Do you have any you would like to add?

1 http://www.investopedia.com/terms/d/disruptive-technology.asp#ixzz4ZKwSDIbm

2 http://www.investopedia.com/terms/c/creativedestruction.asp

3 http://www.intelligenthq.com/technology/12-disruptive-technologies/

See also: Disruptive technologies: Catching the wave, Journal of Product Innovation Management, Volume 13, Issue 1, 1996, Pages 75-76, ISSN 0737-6782, http://dx.doi.org/10.1016/0737-6782(96)81091-5.

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The end of code.


This week WIRED Magazine released their June issue announcing the end of code. That would mean that the ability to write code, as is so cherished in the job world right now, is on the way out. They attribute this tectonic shift to Artificial Intelligence, machine learning, neural networks and the like. In the future (which is taking place now) we won’t have to write code to tell computers what to do, we will just have to teach them. I have been over this before through a number of previous writings. An example: Facebook uses a form of machine learning by collecting data from millions of pictures that are posted on the social network. When someone loads a group photo and identifies the people in the shot, Facebook’s AI remembers it by logging the prime coordinates on a human face and attributing them to that name (aka facial recognition). If the same coordinates show up again in another post, Facebook identifies it as you. People load the data (on a massive scale), and the machine learns. By naming the person or persons in the photo, you have taught the machine.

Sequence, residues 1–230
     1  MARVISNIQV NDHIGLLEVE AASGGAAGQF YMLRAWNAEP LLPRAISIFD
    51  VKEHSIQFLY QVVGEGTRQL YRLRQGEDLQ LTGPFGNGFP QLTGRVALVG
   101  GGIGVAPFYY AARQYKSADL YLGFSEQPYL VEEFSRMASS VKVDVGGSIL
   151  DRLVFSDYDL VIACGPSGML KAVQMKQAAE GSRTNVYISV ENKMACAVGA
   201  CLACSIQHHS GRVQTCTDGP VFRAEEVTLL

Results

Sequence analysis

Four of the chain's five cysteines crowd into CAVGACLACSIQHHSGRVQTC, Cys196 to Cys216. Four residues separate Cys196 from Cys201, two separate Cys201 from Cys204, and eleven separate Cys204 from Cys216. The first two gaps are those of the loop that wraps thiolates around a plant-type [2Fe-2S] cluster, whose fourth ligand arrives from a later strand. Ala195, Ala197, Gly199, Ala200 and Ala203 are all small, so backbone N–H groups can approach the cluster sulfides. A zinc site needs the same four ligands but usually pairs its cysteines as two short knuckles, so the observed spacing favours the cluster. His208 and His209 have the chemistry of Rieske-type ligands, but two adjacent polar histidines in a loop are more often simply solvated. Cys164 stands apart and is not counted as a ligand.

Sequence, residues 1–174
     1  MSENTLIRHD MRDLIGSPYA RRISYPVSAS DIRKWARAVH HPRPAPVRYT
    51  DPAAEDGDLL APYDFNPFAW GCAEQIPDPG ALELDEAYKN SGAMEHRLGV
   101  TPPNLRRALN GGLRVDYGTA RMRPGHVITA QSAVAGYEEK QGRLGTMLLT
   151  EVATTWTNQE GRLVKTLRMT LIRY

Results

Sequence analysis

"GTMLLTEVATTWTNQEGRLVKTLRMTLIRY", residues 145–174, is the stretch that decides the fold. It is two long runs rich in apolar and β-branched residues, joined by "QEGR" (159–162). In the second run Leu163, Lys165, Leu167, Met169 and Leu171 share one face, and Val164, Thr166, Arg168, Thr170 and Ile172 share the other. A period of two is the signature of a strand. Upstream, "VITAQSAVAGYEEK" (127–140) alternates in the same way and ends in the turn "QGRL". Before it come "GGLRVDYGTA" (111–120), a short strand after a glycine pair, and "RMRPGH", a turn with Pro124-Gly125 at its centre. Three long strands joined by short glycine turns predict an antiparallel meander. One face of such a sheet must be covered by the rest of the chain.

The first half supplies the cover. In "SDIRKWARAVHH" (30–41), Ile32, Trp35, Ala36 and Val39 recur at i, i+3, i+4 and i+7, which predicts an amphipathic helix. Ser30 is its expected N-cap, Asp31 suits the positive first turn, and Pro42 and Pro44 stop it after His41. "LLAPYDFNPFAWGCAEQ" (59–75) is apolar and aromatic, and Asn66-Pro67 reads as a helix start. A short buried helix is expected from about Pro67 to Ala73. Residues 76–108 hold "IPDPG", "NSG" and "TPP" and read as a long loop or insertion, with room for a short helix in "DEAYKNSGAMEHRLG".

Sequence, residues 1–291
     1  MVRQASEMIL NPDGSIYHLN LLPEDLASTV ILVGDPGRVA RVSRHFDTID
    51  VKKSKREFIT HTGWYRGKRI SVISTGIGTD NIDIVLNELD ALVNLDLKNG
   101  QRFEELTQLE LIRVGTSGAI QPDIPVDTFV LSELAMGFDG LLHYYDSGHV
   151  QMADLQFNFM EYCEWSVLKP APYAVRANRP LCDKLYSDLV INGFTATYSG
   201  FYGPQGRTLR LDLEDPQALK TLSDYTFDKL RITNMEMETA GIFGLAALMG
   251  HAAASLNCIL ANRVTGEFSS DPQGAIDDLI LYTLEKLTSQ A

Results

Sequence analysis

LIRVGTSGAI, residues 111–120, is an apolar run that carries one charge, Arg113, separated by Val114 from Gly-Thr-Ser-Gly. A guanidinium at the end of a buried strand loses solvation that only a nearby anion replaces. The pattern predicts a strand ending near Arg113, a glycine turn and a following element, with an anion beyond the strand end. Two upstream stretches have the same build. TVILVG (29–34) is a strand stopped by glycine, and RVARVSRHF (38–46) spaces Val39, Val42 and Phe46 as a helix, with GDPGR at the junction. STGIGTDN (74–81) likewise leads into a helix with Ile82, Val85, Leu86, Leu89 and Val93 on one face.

The WIRED article makes some interesting connections about the evolution of our thinking concerning the mind, about learning, and how we have taken a circular route in our reasoning. In essence, the mind was once considered a black box; there was no way to figure it out, but you could condition responses, a la Pavlov’s Dog. That logic changes with cognitive science which is the idea that the brain is more like a computer. The computing analogy caught on, and researchers began to see the whole idea of thought, memory, and thinking as stuff you could code, or hack, just like a computer. Indeed, it is this reasoning that has led to the notion that DNA is, in fact, codable, hence splicing through Crispr. If it’s all just code, we can make anything. That was the thinking. Now there is machine learning and neural networks. You still code, but only to set up the structure by which the “thing” learns, but after that, it’s on its own. The result is fractal and not always predictable. You can’t go back in and hack the way it is learning because it has started to generate a private math—and we can’t make sense of it. In other words, it is a black box. We have, in effect, stymied ourselves.